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Liberty Protection Safeguard Scheme - implementation delayed until 2022

View profile for Amy Dutton
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The Liberty Protection Safeguards (LPS), designed to replace the Deprivation of Liberty Safeguards (DoLS), were due to be implemented later this year in October 2020. However following a recent government announcement, the LPS Scheme has now been delayed with a timescale for implementation in April 2022.

Similar to DoLS, the LPS will provide the statutory framework for authorising arrangements enabling a person’s care or treatment, where they lack the mental capacity to consent to their confinement, which give rise to a deprivation of their liberty.

The LPS is designed to reform DoLS in that where DoLS only applies to people confined to hospitals and care homes, the LPS can be applied to wider settings, such as people confined in supported living and private and domestic settings. In addition, the LPS will apply to people aged 16 and over (in line with the Mental Capacity Act 2005), whereas DoLS currently only applies to persons aged 18 and over.

The LPS will therefore provide more flexibility than DoLS, in that it is designed to protect a wider circumference of people, who cannot consent to their care arrangements and are deprived of their liberty (i.e. their care arrangements mean that they are subject to continuous supervision and control, and not free to leave the placement). There is no additional statutory definition of a ‘deprivation of liberty' and the ‘acid test’ in the Cheshire West and Surrey Supreme Court judgment of March 2014 still applies. Under LPS, care arrangements will be assessed to ensure that they are necessary, proportionate and also in the person’s best interests.

Where the person being deprived of their liberty objects to the care arrangements, then a more thorough review of the case must be carried out by an approved mental capacity professional.

As under DoLS, a deprivation can be for a maximum of one year initially. Under LPS, this can be renewed initially for one year, but subsequently for up to three years. This has attracted concerns that the review of care arrangements is too irregular and it may lead to significant delays in identifying any issues.

Again, as under DoLS, an application to the Court of Protection can be made to determine any disputes or appeals.

Whilst the LPS were designed to reform DoLS, it will now be at least a further two years before this comes into effect. It has been announced that the Government will also undertake a public consultation on the draft regulations and a new code of practice for the LPS will be produced.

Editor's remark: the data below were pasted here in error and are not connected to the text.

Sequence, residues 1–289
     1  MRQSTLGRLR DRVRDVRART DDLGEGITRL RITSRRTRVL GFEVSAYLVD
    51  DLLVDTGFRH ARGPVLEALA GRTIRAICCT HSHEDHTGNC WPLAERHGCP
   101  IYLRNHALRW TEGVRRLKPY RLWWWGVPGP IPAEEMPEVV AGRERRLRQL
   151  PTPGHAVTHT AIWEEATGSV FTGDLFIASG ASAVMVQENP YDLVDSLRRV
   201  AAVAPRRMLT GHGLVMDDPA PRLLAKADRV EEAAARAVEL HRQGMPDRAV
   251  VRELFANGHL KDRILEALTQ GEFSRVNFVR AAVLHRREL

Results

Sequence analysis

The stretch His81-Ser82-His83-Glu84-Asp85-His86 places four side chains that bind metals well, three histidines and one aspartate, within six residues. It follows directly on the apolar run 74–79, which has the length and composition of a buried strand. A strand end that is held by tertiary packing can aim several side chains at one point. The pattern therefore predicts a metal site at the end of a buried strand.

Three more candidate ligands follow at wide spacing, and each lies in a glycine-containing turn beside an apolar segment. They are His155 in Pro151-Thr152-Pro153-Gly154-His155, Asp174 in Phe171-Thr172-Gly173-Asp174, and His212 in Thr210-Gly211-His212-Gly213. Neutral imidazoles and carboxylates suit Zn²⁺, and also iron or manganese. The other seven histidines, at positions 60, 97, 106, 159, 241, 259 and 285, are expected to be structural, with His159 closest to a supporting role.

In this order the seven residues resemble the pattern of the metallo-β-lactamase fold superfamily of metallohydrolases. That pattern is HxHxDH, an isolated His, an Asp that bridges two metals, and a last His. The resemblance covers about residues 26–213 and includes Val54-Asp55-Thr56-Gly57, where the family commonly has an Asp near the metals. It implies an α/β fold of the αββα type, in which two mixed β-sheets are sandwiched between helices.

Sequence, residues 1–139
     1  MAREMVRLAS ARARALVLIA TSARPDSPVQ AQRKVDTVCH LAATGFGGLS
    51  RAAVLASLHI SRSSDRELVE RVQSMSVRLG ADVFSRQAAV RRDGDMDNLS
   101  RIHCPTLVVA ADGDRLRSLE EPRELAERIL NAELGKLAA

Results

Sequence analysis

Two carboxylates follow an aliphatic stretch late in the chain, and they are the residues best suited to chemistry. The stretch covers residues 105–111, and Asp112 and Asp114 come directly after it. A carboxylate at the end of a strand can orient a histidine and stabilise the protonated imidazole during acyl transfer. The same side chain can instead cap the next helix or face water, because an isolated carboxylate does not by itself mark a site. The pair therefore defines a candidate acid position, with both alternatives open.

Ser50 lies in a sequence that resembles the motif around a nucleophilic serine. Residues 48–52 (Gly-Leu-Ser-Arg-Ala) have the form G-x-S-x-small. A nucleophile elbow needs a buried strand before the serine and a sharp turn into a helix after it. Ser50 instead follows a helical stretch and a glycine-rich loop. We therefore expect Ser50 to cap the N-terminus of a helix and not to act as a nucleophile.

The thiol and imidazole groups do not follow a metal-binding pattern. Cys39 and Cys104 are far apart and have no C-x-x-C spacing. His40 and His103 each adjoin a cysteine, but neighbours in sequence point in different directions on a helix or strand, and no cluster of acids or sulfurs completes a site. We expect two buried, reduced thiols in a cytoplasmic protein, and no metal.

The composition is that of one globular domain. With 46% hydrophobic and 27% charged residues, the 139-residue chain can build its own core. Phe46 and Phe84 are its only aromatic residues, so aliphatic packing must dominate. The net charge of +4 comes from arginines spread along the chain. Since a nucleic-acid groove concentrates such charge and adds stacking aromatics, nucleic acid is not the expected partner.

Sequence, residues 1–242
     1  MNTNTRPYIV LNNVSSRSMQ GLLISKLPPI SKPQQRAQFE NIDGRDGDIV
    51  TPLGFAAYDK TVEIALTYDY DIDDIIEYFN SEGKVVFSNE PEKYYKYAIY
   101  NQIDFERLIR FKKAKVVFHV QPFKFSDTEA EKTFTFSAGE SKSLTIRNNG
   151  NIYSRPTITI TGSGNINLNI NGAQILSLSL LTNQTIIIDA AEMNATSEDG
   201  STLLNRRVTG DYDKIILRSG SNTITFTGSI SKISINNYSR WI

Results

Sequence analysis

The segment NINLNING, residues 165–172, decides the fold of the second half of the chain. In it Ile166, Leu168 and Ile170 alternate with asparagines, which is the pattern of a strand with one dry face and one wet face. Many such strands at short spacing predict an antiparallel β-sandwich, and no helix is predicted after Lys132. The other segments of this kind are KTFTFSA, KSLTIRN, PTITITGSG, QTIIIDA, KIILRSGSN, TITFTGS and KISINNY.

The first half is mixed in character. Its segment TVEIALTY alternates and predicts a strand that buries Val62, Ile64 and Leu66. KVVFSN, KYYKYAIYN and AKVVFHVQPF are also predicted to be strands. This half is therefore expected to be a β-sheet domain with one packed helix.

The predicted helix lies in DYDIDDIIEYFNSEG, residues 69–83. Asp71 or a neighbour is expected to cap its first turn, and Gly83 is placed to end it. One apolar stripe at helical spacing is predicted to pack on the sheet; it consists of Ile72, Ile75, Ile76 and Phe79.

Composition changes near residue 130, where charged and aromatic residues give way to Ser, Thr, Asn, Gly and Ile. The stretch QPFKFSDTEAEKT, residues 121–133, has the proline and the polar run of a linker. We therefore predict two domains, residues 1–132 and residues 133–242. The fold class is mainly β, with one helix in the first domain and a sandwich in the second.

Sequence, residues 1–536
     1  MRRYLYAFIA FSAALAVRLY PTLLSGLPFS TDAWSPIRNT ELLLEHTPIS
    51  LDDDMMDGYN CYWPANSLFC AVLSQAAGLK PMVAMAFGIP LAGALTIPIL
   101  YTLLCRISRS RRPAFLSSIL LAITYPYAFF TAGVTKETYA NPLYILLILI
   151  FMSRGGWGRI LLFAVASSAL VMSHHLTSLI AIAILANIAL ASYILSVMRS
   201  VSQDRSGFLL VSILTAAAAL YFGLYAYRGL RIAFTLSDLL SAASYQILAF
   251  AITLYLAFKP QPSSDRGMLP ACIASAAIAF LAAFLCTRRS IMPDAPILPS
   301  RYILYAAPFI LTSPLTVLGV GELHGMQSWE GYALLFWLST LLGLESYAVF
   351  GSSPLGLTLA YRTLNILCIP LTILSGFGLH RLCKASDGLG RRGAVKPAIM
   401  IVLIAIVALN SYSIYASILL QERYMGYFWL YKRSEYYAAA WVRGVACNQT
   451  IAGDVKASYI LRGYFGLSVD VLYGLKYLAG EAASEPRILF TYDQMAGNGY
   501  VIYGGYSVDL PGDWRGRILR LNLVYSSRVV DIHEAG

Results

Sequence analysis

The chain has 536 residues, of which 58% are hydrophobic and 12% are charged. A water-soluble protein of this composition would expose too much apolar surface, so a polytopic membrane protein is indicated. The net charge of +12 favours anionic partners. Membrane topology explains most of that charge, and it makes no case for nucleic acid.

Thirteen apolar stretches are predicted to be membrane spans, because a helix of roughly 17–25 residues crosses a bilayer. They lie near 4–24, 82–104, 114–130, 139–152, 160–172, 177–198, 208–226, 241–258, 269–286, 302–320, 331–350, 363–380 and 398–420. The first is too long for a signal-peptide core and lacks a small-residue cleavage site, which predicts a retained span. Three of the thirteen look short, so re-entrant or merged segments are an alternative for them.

It is reported that the delay in the LPS coming into force is due to the sheer volume of work still required before implementation. It has been said that the delay will now provide additional time for organisations to prepare for the LPS coming into force, such as the NHS, local authorities, care home managers and care providers – who will now be under less pressure to adapt to their new responsibilities by the original implementation date of October 2020. It is a delay that will be welcomed by most, as it is crucial that there is proper understanding of the new LPS system and sufficient time for training to be undertaken.

However, with a backlog of applications to be made to the Court of Protection to authorise the deprivations of liberty outside of the DoLS system (people who are deprived of their liberty in their own home or supported living placements, for example), the delay may mean that there is an increasing risk of people being unlawfully deprived of their liberty without authorisation.

It is also important to make clear that the current system for authorisation will continue in the meantime (under the DoLS system and COPDOL11 applications to the Court of Protection), and any deprivation of liberty which is not correctly authorised would amount to a break of the individual’s right to liberty under Article 5 of the European Convention of Human Rights.

Click here to read our “Guide to deprivation of liberty -  DoLS explained”

Should you require any advice or assistance in relation to a deprivation of liberty matter, please do not hesitate to contact our specialist Court of Protection and community care team who have extensive knowledge and expertise in this area, on 01616 966 229.

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